Like other members of the weasel family (Mustelidae), river otters have long streamlined bodies with short legs. They have very dense, usually brown fur, with a long tail and webbed feet for swimming. In the wild, these otters are solitary, except during mating season or when females are raising young.
Otters spend up to 60% of their time hunting and foraging. Other normal otter activities include playing, sliding, grooming, swimming, and digging. Otters usually hunt at night, especially during the summer. Like all their relatives, otters have scent glands near the base of the tail. They use these glands to mark their territory and communicate with other otters. They also use vocalizations to communicate.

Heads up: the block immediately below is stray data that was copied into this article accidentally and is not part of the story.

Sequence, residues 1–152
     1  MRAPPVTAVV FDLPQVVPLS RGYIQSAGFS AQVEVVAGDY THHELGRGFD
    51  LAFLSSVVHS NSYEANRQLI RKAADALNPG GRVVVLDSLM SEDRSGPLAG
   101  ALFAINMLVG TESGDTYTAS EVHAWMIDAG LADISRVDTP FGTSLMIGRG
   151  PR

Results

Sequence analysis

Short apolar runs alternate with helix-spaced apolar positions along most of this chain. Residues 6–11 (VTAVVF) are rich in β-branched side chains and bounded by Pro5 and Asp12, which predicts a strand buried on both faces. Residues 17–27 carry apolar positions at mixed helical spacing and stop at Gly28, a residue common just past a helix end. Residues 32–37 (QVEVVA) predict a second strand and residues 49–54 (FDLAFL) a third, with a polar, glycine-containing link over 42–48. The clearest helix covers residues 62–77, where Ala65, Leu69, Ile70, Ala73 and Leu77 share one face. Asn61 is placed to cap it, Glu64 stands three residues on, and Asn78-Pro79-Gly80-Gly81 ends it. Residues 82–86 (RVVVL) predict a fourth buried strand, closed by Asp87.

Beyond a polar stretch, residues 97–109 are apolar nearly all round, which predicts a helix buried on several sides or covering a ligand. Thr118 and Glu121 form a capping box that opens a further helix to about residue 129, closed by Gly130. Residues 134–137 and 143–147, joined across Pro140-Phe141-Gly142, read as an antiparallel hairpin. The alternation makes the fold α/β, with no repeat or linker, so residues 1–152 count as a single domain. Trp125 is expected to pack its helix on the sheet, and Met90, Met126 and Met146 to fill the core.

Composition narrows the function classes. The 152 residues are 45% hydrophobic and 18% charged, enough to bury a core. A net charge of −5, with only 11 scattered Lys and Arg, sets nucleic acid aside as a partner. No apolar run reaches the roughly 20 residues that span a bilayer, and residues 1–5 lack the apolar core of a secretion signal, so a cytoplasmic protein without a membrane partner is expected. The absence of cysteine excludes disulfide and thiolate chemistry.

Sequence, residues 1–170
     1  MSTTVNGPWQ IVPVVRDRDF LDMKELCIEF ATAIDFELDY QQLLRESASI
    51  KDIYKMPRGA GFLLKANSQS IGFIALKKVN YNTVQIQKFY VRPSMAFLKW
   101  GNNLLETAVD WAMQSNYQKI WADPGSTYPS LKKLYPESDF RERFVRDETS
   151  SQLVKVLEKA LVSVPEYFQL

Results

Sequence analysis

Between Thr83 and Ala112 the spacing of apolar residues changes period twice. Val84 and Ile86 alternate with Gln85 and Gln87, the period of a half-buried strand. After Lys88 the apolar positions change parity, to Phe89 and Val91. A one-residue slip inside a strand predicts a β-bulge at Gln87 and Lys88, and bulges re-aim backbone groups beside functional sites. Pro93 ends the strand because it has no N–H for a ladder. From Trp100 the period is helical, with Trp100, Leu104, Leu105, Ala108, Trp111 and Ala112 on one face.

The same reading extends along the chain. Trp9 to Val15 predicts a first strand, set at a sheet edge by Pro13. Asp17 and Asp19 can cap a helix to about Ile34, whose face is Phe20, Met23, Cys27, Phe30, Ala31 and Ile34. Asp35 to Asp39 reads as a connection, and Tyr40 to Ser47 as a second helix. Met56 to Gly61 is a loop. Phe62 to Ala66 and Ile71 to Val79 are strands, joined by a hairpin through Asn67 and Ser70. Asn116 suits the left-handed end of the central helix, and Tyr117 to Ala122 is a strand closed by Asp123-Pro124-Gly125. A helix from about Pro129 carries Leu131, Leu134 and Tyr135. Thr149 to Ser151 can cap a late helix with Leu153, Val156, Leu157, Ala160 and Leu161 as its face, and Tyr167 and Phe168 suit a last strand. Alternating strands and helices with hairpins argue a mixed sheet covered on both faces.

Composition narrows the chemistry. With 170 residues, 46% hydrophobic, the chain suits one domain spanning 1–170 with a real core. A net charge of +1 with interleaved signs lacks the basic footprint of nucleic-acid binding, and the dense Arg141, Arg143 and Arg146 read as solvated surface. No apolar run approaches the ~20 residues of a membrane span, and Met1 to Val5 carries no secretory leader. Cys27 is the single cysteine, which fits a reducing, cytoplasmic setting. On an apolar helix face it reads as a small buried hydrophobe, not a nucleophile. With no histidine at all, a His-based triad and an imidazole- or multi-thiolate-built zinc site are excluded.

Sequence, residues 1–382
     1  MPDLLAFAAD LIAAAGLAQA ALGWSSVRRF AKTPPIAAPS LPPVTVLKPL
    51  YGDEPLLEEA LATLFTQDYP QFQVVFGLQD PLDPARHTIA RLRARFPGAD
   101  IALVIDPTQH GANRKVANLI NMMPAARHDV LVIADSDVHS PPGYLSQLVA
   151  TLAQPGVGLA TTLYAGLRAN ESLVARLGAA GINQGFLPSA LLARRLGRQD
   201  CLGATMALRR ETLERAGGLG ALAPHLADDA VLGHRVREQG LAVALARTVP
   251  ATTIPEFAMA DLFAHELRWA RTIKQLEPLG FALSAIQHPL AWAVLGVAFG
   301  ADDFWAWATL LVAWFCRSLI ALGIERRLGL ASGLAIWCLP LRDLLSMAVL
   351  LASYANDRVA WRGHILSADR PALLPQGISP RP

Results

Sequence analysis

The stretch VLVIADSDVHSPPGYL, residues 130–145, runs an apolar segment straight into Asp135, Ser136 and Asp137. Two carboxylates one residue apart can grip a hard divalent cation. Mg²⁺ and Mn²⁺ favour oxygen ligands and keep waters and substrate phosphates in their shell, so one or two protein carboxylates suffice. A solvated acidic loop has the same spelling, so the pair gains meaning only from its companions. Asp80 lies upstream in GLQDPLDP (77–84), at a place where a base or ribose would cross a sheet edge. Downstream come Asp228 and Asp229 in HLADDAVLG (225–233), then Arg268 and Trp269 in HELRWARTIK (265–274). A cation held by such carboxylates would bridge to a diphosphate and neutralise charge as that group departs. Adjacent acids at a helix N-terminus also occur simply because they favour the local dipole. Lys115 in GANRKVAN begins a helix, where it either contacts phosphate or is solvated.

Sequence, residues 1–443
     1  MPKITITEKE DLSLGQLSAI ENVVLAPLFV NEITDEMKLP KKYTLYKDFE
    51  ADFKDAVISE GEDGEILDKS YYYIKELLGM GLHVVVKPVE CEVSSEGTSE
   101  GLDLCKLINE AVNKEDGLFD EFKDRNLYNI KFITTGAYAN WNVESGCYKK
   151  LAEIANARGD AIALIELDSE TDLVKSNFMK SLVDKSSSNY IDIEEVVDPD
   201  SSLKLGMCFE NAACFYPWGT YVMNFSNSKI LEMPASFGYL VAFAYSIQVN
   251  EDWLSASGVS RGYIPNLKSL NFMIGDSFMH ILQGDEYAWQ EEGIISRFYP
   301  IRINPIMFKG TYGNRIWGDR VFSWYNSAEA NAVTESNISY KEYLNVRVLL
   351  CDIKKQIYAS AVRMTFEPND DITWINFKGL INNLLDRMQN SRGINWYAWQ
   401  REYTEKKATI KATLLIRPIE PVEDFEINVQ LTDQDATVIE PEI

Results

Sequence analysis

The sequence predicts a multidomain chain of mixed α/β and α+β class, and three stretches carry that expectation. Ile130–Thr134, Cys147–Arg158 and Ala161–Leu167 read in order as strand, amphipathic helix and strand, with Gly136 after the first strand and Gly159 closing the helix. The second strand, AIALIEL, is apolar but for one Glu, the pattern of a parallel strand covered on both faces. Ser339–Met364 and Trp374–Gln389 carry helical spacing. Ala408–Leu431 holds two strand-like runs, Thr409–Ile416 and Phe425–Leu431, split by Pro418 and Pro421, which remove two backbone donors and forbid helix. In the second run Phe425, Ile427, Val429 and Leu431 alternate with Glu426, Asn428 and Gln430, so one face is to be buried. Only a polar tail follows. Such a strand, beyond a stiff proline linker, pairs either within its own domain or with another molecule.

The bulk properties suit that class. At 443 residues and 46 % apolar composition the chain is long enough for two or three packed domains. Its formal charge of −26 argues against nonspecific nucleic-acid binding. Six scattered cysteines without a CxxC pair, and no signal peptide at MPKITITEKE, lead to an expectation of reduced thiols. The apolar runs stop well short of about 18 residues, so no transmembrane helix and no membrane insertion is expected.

Did you know?
- Otters can see well under the water, but out of the water they are nearsighted.
- Because of their high metabolic rate, otters can consume 20% of their body weight per day.
- Otters use their long whiskers (called vibrissae) to hunt in dark or murky water.
There are two river otters at Potter Park Zoo. Miles, a male, was born at Potter Park Zoo and Nkeke, a female, came to the zoo in 2017.